What Happens When Designers are Unleashed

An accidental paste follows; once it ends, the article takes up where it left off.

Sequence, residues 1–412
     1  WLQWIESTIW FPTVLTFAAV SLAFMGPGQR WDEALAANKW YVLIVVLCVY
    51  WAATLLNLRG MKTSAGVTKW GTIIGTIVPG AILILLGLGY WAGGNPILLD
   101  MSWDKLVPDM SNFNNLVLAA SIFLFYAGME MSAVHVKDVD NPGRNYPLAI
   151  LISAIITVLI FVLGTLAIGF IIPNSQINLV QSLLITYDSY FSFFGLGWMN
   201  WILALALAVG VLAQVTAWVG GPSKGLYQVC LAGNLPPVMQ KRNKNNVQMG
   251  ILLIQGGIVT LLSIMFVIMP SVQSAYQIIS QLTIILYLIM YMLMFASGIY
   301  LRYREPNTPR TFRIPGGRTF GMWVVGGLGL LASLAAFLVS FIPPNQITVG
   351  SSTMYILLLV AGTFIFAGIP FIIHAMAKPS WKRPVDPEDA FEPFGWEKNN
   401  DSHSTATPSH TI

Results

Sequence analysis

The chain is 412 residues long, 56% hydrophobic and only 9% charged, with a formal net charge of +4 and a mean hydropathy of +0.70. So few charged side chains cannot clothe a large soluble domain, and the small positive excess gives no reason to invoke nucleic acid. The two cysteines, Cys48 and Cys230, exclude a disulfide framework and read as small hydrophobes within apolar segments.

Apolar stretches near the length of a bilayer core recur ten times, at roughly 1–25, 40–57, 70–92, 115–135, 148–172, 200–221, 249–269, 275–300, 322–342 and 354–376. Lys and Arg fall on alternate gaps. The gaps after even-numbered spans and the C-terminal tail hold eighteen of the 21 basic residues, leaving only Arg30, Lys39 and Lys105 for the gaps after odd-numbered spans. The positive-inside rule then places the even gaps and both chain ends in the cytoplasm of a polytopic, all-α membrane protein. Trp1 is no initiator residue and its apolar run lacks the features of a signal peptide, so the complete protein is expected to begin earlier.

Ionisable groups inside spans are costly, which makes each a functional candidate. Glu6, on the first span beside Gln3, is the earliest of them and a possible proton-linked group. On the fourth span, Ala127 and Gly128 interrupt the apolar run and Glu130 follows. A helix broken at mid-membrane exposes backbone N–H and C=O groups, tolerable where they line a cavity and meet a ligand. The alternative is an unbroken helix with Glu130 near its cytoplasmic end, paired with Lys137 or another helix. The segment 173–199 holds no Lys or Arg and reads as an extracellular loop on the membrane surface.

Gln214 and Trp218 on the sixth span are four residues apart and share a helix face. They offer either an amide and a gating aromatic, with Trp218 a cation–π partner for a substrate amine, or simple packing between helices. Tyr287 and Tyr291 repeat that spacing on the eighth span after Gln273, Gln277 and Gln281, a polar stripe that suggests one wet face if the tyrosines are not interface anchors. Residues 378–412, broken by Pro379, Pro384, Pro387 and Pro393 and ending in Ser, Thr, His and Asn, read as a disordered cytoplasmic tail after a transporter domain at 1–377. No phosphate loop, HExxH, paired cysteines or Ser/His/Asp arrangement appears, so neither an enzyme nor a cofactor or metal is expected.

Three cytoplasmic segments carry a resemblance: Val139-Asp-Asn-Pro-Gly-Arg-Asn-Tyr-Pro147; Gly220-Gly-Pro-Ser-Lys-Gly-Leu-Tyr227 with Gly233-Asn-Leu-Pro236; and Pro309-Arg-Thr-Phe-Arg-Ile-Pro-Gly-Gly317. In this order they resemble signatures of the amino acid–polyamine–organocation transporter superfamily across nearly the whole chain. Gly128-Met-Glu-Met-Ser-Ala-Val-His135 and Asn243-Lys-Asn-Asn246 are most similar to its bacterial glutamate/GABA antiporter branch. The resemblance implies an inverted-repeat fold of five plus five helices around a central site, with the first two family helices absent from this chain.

Lee Iacocca dismissed it as the "potato" car, but Americans loved it enough to make the Ford Taurus the second-best-selling car in American history, second only to Henry Ford's immortal Model T. Still, after 21 years, the car has come to the end of its life, and is being discontinued this week. The L.A. Times sees its exit as "a forlorn reminder of things gone wrong with the American auto industry." Why? Because according to a former Ford executive, "the Taurus program was one of the few times Ford has turned its designers loose." The result was a car that saved an entire company and changed the domestic auto industry. It's a timely reminder--for anyone who needs it in the age of Macs, IPods and Aeron chairs--that great design isn't merely about cosmetics and frills, but is instead at the heart of building customer loyalty and excitement. That's why, according to this excellent recent Business Week package, companies are increasingly looking to the top design schools for talent to help them broadly innovate. Naturally, our own Cleveland Institute of Art always manages to come up in those conversations, as I mentioned in July.